I never believed I had the guts to do it – but I did. Now I’ve done it, the unthinkable thing – I jumped a bungy jump – and I’m still alive even though it feels like I’ve gone to heaven.
I Stood on the platform and looked down at a 43 meter drop into a river. I felt my stomach jump up and down with anticipation.
Pros and cons
I weighed up the pros and cons of bungy jumping, the rational side of my mind screamed “No-no, don’t do it, you’ll damage yourself!” The irresponsible and adventurous side replied “Calm down, its only a bit of harmless fun!”
It all began …
It all began when we moved on to Queenstown in New Zealand. We were staying with someone, who had played a part in starting the bungy jump craze. How we were laughed at because we didn’t have the nerve to try it! However, I didn’t care and admitted to my cowardice. They laughed at us for days when Marianne and I again went out to watch others jump.
My pride was feeling rather dented at this point, so damaged in fact that I felt the need to deceive. I decided to forge a photograph of myself jumping, to do this I would take a picture of somebody bungy jumping with blond hair obscuring her face, and tell the world that it was me. The only problem was that nine out of ten of those who jumped the terrible 43m were Japanese, and the number of Japanese women with bleached hair was very limited. Unfortunately, this would turn out to be more difficult than I had imagined.
Maybe not that dangerous
After having watched the bungy jumping for a few hours, Marianne and I were convinced that it didn’t really look so dangerous after all. Nobody had died while we were watching, and that was a positive thing. Slowly but surely, we began to consider taking part in this wonderful game of Russian roulette – maybe, possibly, – but not today. We took control of ourselves and left without further consideration.
When we arrived home we had an opportunity to discuss the days events. The best argument in favour of us jumping was: If the Japanese could do it, then why couldn’t we? While in the safety and security of our house; we decided to do it.
No turning back…
Early the next day we went downtown and paid for a jump each. We realised it wouldn’t be a good idea to pay to more than one jump in case it went wrong the first time. Imagine how much money we would then spend on nothing! With the benefit of hindsight, an argument like this was obviously constructed too early in the morning.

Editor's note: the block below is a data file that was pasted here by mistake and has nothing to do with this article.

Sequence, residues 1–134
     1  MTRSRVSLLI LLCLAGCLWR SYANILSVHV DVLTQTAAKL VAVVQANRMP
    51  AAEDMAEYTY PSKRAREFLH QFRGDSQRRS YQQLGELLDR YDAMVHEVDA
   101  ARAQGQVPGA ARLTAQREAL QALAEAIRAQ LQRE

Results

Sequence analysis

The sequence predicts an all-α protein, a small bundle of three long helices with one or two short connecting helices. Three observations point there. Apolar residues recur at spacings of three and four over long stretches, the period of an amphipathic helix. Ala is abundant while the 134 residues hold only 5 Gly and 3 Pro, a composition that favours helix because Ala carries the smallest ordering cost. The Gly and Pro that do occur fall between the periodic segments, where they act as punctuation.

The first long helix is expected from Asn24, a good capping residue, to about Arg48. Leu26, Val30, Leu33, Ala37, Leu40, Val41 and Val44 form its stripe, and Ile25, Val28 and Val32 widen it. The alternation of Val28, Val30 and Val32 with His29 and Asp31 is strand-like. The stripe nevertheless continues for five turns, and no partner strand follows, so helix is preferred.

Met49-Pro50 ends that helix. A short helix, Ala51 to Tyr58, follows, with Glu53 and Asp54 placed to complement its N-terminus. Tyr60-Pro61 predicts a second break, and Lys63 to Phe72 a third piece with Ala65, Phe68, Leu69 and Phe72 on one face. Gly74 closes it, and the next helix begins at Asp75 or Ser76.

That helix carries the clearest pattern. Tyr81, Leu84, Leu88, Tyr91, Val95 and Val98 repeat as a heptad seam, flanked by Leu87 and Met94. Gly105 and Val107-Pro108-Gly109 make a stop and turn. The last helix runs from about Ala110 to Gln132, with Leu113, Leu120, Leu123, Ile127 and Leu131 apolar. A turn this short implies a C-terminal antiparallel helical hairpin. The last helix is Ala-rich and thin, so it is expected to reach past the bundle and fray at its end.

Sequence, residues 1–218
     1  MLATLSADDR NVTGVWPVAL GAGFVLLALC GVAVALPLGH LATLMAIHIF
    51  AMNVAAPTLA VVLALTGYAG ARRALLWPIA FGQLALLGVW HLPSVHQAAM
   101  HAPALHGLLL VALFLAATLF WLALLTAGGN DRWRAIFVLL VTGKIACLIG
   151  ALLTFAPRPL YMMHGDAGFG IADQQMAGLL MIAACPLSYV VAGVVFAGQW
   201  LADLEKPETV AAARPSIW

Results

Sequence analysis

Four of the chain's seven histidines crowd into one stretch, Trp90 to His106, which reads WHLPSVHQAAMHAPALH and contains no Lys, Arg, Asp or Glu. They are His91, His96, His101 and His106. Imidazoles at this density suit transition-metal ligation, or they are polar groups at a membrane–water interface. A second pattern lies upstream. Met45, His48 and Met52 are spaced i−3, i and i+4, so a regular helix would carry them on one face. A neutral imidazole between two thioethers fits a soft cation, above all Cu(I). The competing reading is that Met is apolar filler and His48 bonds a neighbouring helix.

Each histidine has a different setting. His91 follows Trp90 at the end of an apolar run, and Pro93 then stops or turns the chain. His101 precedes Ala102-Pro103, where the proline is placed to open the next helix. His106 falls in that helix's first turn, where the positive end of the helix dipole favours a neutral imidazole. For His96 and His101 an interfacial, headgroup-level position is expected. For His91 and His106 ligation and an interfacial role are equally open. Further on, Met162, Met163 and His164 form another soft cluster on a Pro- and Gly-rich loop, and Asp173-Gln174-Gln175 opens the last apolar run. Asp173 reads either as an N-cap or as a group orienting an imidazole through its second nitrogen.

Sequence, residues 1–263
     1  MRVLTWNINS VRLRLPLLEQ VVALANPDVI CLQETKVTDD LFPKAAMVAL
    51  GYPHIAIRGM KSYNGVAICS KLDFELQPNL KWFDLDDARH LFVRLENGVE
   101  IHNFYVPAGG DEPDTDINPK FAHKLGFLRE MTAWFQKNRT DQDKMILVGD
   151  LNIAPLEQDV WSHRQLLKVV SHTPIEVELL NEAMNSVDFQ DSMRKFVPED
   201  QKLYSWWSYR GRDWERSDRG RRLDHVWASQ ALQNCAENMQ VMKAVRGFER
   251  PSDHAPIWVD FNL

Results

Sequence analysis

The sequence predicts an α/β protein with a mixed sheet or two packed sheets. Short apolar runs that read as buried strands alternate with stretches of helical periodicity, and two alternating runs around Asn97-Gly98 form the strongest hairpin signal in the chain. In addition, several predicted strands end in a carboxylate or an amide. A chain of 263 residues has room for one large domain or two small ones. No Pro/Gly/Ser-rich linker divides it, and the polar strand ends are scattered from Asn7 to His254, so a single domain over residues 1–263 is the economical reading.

After paying for the bungy jump there was no turning back. On the 15-minute bus trip to the site, the gravity of the situation became apparent and I realised the full extent of what I was about to do. I remember cursing my folly: “Fool, idiot, you will never see your family again”. My stomach reacted to these turbulent images and became unsettled. I felt nauseous and could feel my breakfast moving up my throat. I swallowed like a mad woman and tried to make light of the situation, after all, I had paid for it and I wasn’t exactly a millionaire.
When we arrived, we had to be weighed. That was not very funny, and in addition they wrote our weight on our hands so that everybody could see the figure. I felt this a violation of my privacy. I tried to distract myself with this injustice instead of the impending jump.
Marianne and I competed about who was going to jump first. I lost – or won the right to be the first. I said “okay” even though at that point I was still trying to talk myself out of it. “I have to do it or Marianne won’t do it either, we have do this together.”
On to the platform
While waving to Marianne and telling her to give my love to my family, I walked falteringly across to the jumping platform.
The rope was securely fastened around my legs, reassuringly, I felt an air of professionalism surround the workers. They talked and asked a lot of questions, I had to really focus myself on answering. I felt unreal, I didn’t realise what was going on – that was until I peered over at th
Photo is a general photo – not Heidi.
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